Welcoming a new child into your home comes with lots of excitement, joy, and nervousness. Whether you are a corporate worker, start-up founder, or a senior executive, family building is part of many people’s journeys. As we work towards designing workplaces that embrace family life and support staff members in these transitions, mentorship can play an important role in helping to navigate the expectations of parental leave, work/life balance, and being a parent in the workplace.
Julie Wilson, Director of Equity Sales at BMO, discusses in this interview for MindFrame Connect the importance of the Mentors and Parents mentorship program focused on assisting their staff before, during, and after parental leave.
Mentors can play an integral role in helping their mentees understand the challenges that come while learning this new balancing act. For many new parents, they may struggle with setting stronger boundaries at work, asking for the physical accommodations needed for pregnancy, or facing the stigma that can come when they need to focus on their family in lieu of their career (even momentarily). Parent mentors provide crucial guidance on the following:
Experienced parent-mentors can help newer parents understand what protections and benefits may be in place during this time. In established workplaces, they can help mentees navigate HR, leave policies, and reintegration into work. In start-up spaces, they are likely informed about the practical steps to support your venture while you build your family – including governmental policies or benefit programs.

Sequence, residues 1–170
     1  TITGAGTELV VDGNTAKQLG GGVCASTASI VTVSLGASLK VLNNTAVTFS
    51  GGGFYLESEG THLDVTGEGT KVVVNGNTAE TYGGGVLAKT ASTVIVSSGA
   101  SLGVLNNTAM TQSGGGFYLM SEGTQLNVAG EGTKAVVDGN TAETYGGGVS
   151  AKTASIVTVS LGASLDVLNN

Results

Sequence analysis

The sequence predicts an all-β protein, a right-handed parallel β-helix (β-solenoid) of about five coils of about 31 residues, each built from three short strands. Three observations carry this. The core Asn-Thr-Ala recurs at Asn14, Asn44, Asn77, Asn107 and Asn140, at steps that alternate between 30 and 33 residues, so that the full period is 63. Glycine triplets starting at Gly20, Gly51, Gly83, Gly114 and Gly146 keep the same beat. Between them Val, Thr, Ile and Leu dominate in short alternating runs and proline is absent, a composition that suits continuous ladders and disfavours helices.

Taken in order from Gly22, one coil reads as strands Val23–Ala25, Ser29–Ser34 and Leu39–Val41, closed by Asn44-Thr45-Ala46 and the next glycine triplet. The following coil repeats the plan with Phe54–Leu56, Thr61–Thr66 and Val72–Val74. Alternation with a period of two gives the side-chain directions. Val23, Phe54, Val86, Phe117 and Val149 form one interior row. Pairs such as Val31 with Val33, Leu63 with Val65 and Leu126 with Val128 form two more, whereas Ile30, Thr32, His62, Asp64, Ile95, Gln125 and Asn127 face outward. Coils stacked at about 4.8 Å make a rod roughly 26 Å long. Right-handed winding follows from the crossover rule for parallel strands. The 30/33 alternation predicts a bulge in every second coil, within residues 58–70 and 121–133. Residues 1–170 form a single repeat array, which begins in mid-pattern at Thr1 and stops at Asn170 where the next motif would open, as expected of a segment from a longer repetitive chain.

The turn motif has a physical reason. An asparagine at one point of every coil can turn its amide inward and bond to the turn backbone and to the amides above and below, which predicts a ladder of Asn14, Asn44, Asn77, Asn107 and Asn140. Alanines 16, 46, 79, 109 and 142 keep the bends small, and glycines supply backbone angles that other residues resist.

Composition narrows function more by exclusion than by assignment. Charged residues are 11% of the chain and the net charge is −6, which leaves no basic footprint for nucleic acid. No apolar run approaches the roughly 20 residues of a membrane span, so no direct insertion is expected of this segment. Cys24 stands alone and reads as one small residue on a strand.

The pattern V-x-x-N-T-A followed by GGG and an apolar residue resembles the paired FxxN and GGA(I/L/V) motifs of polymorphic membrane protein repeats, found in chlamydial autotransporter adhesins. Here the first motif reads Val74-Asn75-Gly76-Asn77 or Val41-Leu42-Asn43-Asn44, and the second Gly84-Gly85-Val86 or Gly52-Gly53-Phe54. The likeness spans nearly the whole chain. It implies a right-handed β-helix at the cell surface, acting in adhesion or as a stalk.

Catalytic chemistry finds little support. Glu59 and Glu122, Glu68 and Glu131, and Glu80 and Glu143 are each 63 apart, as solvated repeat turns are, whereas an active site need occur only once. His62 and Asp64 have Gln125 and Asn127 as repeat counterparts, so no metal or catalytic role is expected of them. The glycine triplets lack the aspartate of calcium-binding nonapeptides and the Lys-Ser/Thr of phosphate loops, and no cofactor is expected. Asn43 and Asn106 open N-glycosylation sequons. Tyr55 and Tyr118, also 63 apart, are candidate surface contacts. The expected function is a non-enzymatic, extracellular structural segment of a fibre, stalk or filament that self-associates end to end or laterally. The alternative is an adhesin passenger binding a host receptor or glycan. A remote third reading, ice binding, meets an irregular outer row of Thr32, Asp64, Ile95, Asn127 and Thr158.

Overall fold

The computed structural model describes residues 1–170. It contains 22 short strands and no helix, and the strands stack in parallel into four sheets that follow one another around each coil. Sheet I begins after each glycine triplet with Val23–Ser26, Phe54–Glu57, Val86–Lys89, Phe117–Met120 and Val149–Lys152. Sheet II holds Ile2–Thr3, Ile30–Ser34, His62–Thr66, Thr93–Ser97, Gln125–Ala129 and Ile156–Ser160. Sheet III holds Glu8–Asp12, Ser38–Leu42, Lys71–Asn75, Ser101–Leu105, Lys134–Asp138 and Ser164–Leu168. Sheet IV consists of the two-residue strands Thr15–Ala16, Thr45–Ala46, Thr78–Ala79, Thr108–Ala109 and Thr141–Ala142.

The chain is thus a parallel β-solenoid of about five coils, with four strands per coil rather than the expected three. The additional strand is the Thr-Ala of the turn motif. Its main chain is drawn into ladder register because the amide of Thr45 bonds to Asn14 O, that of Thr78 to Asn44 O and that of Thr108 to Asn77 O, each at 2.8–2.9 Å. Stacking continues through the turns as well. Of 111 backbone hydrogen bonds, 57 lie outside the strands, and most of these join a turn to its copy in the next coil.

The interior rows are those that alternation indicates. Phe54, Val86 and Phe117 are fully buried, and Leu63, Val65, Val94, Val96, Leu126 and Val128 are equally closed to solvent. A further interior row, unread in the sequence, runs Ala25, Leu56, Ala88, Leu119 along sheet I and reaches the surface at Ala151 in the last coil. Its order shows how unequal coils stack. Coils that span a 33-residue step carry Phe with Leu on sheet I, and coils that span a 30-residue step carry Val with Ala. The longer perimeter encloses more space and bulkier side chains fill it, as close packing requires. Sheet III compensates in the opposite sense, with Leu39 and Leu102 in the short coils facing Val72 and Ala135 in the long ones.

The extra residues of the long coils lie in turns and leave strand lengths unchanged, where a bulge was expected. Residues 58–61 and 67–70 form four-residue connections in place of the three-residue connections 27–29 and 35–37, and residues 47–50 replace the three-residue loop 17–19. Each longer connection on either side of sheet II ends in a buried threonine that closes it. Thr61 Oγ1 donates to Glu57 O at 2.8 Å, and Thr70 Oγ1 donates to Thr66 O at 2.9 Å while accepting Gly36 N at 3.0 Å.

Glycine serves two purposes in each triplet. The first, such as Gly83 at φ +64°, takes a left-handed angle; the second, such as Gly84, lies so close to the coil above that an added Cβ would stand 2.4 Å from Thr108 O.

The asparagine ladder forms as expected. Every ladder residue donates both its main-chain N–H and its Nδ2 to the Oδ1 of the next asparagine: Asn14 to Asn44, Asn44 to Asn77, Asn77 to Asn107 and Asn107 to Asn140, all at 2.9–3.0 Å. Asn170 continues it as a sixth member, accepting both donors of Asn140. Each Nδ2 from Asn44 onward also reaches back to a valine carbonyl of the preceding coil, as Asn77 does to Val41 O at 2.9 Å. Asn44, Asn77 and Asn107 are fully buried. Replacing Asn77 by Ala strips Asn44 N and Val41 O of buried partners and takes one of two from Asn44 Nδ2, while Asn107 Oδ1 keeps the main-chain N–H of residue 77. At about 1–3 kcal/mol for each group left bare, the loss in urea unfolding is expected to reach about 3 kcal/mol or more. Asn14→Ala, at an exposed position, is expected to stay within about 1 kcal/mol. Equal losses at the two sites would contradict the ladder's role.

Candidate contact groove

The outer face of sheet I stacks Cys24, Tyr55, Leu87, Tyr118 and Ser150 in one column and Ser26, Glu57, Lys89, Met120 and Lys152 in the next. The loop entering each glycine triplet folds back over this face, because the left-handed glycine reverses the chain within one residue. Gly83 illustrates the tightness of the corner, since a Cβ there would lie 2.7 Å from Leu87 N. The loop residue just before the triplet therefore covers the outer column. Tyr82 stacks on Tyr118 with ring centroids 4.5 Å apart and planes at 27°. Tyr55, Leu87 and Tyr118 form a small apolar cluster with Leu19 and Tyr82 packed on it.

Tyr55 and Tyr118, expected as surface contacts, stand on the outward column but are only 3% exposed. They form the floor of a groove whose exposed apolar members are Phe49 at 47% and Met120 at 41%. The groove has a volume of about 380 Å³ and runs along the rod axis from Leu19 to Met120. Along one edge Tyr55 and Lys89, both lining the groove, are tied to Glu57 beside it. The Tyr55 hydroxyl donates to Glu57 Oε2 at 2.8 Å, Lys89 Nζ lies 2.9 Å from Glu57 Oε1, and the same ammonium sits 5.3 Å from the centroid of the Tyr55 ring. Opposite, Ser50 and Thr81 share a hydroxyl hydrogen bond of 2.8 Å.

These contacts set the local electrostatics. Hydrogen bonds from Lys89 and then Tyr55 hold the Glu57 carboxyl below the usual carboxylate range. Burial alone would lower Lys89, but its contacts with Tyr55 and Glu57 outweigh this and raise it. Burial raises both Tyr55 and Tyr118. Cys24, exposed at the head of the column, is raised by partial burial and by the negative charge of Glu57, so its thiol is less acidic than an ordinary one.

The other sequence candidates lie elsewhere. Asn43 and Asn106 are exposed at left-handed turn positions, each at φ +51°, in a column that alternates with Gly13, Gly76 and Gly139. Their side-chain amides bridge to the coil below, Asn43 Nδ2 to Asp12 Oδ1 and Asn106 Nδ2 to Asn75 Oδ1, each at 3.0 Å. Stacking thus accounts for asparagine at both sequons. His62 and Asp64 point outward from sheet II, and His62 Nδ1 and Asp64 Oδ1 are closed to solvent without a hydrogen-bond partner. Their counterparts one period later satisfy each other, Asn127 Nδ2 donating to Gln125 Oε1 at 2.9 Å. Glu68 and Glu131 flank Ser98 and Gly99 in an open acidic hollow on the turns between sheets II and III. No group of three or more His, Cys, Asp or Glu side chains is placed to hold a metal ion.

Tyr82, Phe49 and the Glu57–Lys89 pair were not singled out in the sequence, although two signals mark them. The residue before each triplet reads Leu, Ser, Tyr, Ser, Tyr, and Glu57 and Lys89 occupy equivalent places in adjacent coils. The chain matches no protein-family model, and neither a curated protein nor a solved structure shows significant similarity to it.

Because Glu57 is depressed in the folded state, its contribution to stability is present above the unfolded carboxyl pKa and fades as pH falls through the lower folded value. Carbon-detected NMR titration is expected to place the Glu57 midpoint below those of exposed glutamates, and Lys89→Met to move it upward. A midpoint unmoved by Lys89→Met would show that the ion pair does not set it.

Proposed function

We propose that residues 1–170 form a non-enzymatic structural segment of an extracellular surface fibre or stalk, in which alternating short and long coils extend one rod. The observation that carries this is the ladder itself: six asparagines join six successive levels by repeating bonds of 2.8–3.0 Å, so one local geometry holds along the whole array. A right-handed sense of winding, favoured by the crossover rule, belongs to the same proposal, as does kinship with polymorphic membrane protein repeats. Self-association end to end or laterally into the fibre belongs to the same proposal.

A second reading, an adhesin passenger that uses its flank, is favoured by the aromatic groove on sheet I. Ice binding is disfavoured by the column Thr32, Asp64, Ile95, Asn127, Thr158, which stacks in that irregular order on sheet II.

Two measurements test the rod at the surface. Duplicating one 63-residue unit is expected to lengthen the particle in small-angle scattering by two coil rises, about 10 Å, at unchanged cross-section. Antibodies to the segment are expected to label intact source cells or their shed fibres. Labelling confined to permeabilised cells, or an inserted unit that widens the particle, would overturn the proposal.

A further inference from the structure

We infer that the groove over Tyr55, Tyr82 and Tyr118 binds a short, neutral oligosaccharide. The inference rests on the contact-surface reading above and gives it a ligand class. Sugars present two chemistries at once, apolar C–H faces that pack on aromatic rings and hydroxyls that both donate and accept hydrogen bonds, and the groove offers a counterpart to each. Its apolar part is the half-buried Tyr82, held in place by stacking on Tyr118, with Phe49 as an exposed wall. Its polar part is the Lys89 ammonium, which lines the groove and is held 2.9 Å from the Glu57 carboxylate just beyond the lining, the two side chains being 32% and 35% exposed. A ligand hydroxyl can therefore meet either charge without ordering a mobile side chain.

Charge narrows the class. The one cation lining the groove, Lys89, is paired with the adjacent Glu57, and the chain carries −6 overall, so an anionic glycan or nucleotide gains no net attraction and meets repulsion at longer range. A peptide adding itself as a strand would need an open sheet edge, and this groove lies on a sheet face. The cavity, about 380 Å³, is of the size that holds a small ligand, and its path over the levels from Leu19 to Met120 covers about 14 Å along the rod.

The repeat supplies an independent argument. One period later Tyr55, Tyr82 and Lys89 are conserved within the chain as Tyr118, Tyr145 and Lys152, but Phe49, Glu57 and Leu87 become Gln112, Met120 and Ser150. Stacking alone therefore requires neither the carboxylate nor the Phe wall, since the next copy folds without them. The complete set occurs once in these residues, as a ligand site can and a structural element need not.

As Wilson says, “You have to deliver in the home life”. While workplaces and venture firms are beginning to understand that their outcomes improve the more they support their employees and entrepreneurs’ holistic wellbeing (including their dedication and commitments to family), mentors can offer additional advice on how to approach new parenthood with bosses, investors, and partners.
Beyond what HR, venture partners, or government programs can offer, a mentor will know what the mentee is going through. Whether it’s someone who has taken paternity leave to welcome an adopted child, a woman in tech experiencing stigma from her need for more rest during pregnancy, or a start-up founder figuring out how to fund their leave when a new child arrives, a parent-mentor can offer a comfortable place for big, complex questions.
In summary, mentorship for new parents and ecosystems that support people to be successful in their work and home lives allow for greater outcomes on all levels, health, economic, and innovation. With programs like Mentors and Parents, and advocates like Wilson, we are taking imperative steps towards more inclusive and healthy workplaces.
Parental Leave Planning for Entrepreneurs. BC Business
Tackling Parental Leave Bias. In Diverse Company
How New Moms Can Deal With Maternity Leave Bias. Fortune.com
We draw these best practices from the first-hand experience of program managers like you and our own expertise. This white paper is a comprehensive guide that will be your roadmap to building a world-class mentoring program.